Writers and literary critics often talk about ‘voice’. A writer’s having ‘voice’ is a positive statement, meaning that there is authenticity to what the author is relating–particularly with fiction. Many years ago I was talking with a chap who had recently finished his PhD dissertation and was trying to find an academic post. I suggested that getting some or all of his dissertation published would be a big help in the world of ‘publish or perish.’ He averred it was a good idea, but then stated that he would defer trying to get published as he hadn’t yet found his voice. It was a sad statement…and his academic career actually ended there. In my previous blog I quoted Oscar Wilde’s aphoristic: “Be yourself; everyone else is taken.” So if one cannot find one’s own voice…well…any other would simply be imitation.
Without wanting to sound puffed-up, the voice with which I write–fiction or scholarly articles–is the one I’ve always had. I don’t mean my vocal chords and speaking voice, as in the above diagram, but the voice which plays inside my head. Most of us experience a voice which narrates our lives, thoughts, amusing stories, angry narratives, etc. Writers simply write things down: stories, histories, poetry, sermons and the list goes on. The ‘trick’ for any writers-to-be is simply to trust the voice you have been given. It’s the same voice with which you tell jokes, relate sad events and speak words of endearment to a loved one.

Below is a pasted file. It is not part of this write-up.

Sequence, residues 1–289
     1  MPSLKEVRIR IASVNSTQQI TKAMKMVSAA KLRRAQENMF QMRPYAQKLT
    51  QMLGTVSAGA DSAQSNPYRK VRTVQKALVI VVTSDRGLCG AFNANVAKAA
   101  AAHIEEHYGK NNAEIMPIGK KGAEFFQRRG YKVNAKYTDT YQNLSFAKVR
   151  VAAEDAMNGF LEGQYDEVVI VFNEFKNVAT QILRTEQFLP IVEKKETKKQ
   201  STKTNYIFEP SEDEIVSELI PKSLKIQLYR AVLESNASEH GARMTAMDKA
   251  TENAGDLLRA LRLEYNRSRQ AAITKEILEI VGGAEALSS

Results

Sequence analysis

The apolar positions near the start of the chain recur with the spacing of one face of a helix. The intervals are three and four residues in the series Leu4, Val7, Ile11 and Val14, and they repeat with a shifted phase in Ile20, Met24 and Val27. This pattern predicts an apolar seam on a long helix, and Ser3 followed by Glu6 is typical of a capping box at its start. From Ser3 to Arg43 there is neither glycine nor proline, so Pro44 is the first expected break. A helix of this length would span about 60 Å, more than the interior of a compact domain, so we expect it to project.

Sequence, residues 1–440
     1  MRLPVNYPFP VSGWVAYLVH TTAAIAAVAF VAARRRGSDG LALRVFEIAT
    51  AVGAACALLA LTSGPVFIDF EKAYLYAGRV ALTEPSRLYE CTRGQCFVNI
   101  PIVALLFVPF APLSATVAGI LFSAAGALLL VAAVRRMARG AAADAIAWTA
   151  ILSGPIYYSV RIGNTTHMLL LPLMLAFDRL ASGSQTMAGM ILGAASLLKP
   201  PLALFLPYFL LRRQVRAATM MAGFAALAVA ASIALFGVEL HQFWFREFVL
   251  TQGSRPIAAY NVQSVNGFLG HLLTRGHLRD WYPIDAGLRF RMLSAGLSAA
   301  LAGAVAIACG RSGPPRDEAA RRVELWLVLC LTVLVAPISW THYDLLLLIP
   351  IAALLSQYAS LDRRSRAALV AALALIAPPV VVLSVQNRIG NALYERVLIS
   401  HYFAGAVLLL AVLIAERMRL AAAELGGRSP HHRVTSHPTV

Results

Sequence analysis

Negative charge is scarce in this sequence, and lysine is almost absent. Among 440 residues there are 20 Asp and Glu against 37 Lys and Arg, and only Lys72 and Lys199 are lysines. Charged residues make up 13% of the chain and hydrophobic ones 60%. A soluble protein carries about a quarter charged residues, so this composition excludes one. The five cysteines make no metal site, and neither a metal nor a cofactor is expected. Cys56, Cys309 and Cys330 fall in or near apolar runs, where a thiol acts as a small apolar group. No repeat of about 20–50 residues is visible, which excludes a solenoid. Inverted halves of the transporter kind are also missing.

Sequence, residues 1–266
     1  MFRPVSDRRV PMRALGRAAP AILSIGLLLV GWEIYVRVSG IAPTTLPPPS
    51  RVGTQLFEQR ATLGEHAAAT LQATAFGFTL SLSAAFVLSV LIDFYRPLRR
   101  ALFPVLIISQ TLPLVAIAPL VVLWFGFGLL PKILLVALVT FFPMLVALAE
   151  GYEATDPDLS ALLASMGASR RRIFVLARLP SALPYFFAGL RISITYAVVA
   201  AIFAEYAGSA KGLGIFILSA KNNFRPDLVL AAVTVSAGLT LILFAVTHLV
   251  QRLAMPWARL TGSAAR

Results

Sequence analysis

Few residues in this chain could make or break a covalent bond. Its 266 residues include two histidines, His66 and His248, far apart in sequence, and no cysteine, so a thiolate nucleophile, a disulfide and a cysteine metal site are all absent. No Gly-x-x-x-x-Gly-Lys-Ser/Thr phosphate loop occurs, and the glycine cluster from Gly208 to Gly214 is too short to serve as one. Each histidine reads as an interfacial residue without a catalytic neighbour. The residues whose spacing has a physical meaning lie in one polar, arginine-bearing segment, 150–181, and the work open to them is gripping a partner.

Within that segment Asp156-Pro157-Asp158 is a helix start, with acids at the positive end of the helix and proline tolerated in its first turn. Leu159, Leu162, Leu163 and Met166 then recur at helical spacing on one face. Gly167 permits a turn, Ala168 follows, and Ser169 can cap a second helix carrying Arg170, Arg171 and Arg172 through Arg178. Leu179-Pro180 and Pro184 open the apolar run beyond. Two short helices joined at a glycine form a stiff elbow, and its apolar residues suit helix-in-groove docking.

Now I invite you to take the next leap with me: vocation. Vocation is a term which, in English, has usually been reserved for religious professions or trades. But that is a much reduced usage of its original and full meaning. The Latin vocatio literally means a ‘calling’ and applies to anything we feel we are made/created/built to do: art, engineering, farming, parenting, etc. The idea of calling is theological: God calls us into being and endows us with specific gifts, talents, abilities. Vocation is that inner voice which sings with delight when we live, act and do what we feel we were made to do. In Carl Jung’s Psychological Types, he writes that each of us has a type which is essential to who we are. But he did not mean this as some sort of limiting determinism, but rather that we are meant to develop within the type we have been given. There are certain aspects of our lives that we cannot essentially change: height, hair colour, inherited traits and more. (And, yes, I am ignoring all of the many ways we try to change our appearance.) The point of this life is to take what we have been given–our talents, interests, abilities–and use them to make us into the best selves we can be. No one else has your voice or your calling; no one can take it from you; but only you can free it to blossom into the life you want to live.